Inquire you how thefe pow'rs we thall attain, 'Tis not for us to know; our fearch is vain: Can any now remember or relate How he exifted in the embryo ftate? Or one from birth infenfible of day Conceive ideas of the folar ray?

Go then, forgetful of its toil and strife, Pursue the joys of this fallacious life; Like fome poor fly, who lives but for a day, Sip the freth dews, and in the funfhine play, And into nothing then diffolve away. Are these our great purfuits? Is this to live? Thefe all the hopes this much-lov'd world can give?


How much more worthy envy is their fate,
Who fearch for truth in a fuperior state!
Not groping step by step, as we pursue,
And following Reafon's much entangled clue,
But with one great and inftantaneous view.

But how can fenfe remain, perhaps you'll fay,
Corporeal organs if we take away?
Since it from them proceeds, and with them
muft decay.

Why not? or why may not the foul receive
New organs, fince ev'n art can these retrieve?
The filver trumpet aids th' obftructed ear,
And optic glaffes the dim eye can clear;
Thefe in mankind new faculties create,
And lift him far above his native state;
Call down revolving planets from the sky,
Earth's fecret treasures open to his eye,
The whole minute creation make his own,
With all the wonders of a world unknown.

How could the mind, did the alone depend On fenfe, the errors of thofe fenfes mend? Yet oft, we fee, thofe fenfes the corrects, And oft their information quite rejects. In diftances of things, their shapes, and fize, Our reafon judges better than our eyes. Declares not this the foul's pre-eminence Superior to, and quite diftinct from sense? For fure 'tis likely, that, fince now so high Clogg'd and unfledg'd the dares her wings to try,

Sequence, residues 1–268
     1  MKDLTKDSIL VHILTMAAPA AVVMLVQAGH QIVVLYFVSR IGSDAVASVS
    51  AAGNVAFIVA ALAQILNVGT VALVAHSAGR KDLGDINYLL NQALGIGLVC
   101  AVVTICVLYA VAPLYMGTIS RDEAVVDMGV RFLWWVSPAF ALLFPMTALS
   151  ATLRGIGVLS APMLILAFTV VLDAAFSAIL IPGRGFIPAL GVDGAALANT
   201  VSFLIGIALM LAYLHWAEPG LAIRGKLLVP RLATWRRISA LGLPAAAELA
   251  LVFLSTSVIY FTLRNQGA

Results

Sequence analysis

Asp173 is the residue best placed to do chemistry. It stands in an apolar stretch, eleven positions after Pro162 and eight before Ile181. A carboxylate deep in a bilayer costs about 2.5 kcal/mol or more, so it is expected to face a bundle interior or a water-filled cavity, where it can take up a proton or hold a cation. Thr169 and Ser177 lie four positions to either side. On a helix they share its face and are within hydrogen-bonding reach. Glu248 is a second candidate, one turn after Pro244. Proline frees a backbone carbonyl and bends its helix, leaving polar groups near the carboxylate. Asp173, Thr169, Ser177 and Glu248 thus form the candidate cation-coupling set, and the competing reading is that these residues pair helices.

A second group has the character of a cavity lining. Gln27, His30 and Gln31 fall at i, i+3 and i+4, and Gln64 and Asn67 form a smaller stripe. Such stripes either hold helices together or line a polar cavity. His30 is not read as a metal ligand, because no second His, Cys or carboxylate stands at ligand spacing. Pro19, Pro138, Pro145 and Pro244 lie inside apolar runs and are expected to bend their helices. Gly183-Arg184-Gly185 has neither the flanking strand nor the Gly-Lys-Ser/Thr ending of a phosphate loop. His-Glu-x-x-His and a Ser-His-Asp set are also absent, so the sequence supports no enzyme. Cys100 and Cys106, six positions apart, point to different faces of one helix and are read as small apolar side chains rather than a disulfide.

That light 's deny'd to him, which others fee,
He knows, perhaps you'll fay,-and fo do we.
The mind contemplative finds nothing here
On earth that's worthy of a wish or fear:
He whofe fublime purfuit is God and truth,
Burns, like fome abfent and impatient youth,
To join the object of his warm defires;
Thence to fequefter'd fhades and streams retires,
And there delights his pattion to rehearse
In Wifdom's facred voice, or in harmonious verfe.

To me most happy therefore he appears,
Who having once, unmov'd by hopes or fears,
Survey'd this fun, earth, ocean, clouds, and flame,
Well fatisfy'd returns from whence he came.
Is life an hundred years, or e'er fo few,
'Tis repetition all, and nothing new;

A fair, where thoufands meet, but none can flay; An inn, where travellers bait, then poft away; A fea, where man perpetually is toft, Now plung'd in bufincfs, now in trifles loft: Who leave it first, the peaceful port first gain; Hold then! nor farther launch into the main : Contract your fails; life nothing can bestow By long continuance, but continued woe; The wretched privilege daily to deplore | The fun'rals of our friends, who go before; Difeafes, pains, anxieties, and cares, And age furrounded with a thousand snares.

But whither, hurry'd by a gen'rous fcorn Of this vain world, ah whither am I borne ? Let's not unbid th' Almighty's ftandard quit; Howe'er fevere our poft, we muft fubmit.